The following article appeared in New England Focus, March 2018.
Tell us a little about yourself.
I was teaching English and History at Wee Waa High School when I met my husband, Peter. Peter was on a mission to improve water use efficiency throughout Australia, we joined forces, I gave up teaching and took on the marketing and operational management of the newly created business. We have one son who lives with his wife in Sydney. We spent 20 years in Narrabri, moving to Armidale in 2000.
What does ICT do?
ICT researches, designs, manufactures and deploys unique world class scientific instrumentation for monitoring water use in plants. We manufacture in Armidale, employ 15 staff locally and export to over 50 countries annually.
How did ICT come into being?
ICT was formed in 1982 growing out of Peter’s PhD study which focused on finding the most appropriate instrument to quantify the application of water to irrigative crops. Based in Narrabri for twenty years, we introduced and marketed quantitative soil moisture monitoring using neutron probes to irrigation farmers, CSIRO scientists, departments of agriculture, environmental government entities and universities. We also supplied our customers with imported scientific instrumentation for monitoring soil, plant and environmental parameters. We realised in 2006 the opportunity was in R & D and manufacturing. Overseas product wasn’t solving the issues that agriculture and forestry for example were experiencing because of increasing temperatures and scarcity of water resource. Soil science instrumentation wasn’t giving our customers the research data that was needed to advance improved crop production outcomes. We determined that we needed to focus on the plant or tree itself and effectively started a 10-year R & D program. The result was the creation of completely unique plant science instrumentation of which the Sap Flow Meter and Psychrometer are our flagship products.
These unique products are now contributing to new global research outcomes including: researching the tallest trees in the world and identifying how they are being affected by climate change; studying the effects of trees dying in the Tundra due to the Tundra permafrost melting; or achieving huge water savings in horticultural crops such as almonds, macadamias, sandalwood, citrus and grapes. ICT International’s instruments are deployed across every possible landscape including environmental and forestry research and management; in agricultural, horticultural and glasshouse production; mine-site rehabilitation and urban forest research.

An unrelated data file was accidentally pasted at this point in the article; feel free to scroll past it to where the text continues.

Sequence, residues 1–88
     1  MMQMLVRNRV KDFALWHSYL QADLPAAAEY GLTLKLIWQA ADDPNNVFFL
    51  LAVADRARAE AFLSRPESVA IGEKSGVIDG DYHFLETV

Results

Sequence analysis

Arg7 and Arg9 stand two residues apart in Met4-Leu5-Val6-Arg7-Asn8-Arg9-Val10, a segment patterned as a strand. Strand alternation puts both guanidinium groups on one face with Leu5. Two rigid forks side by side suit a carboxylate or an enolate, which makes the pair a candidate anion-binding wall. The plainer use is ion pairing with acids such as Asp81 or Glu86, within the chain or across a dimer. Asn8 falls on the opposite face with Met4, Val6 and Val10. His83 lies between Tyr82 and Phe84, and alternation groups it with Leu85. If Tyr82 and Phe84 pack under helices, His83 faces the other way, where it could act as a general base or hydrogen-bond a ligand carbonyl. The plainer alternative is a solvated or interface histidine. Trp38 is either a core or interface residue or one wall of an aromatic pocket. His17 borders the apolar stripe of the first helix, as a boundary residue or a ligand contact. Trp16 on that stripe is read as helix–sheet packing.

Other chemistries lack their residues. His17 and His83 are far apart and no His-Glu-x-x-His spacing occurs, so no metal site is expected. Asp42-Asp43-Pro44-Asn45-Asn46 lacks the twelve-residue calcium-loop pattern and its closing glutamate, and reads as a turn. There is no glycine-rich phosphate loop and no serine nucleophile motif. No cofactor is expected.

How do yours and Peter’s roles differ?
Peter manages and leads the scientific R&D product development side of the business, while I lead the business operations with a focus on marketing. We are both involved in managing production.
Why has ICT been so successful?
We backed ourselves, fundamentally understood plant water relations after decades of consulting to farmers to improve their water use efficiencies and hence improve yield outcomes and collaborated with the leading plant scientists around the world. This formula enabled us to develop and commercialise new sensing technology that was focused on solving the real issues our customers face around the world. Our instrumentation is used to research what will work moving forward: whether it is what tree species will thrive in a world of increasing temperature and increasingly scarce water; or how crops will respond as the impact of climate change is felt. We have created new Australian IP, unique Australian product which is exported to 50 countries annually.
What were your biggest challenges starting out?
Learning to trust my own instincts whether it was about people or business strategies. Over time I realised one of my strengths is to never say I can’t, but to say why not and give it a go.
What is your favourite part of running your own business?
There are probably two things. Firstly, I really enjoy thinking creatively and like to join the dots. I believe that framework of thinking carries through to my current role as President of the Armidale Business Chamber. Secondly, I love empowering our staff to take ownership of their roles and contribution to the company.
As a woman in business in a once traditionally male field what qualities have you found the most useful?
Ultimately, it’s about being yourself. You can’t enjoy the confidence of your staff unless you have confidence in yourself. For me intrinsic to that is having a sense of humour. It is part of my DNA both personally and professionally.
What inspires you?
I’m inspired by seeing the beauty in the everyday things around us, in the smile of a child, a beautiful piece of writing, a beautifully designed ad campaign.
What would you advise a business just starting out?
When you run your own business you will experience, pleasure, passion and pain in sometimes equal measure. Don’t go into business unless it’s your absolute heart’s desire and passion. You need commitment to stand strong in the face of that. You cannot be half hearted. You need to strive for excellence every day.
Where to from here?
We continue to research and design new products based on forecasting the research needs of our customers for the future. Recent new projects include working with research institutes and councils to develop successful strategies to grow healthy urban trees for the Smart Cities of the future.
Thank you Susan.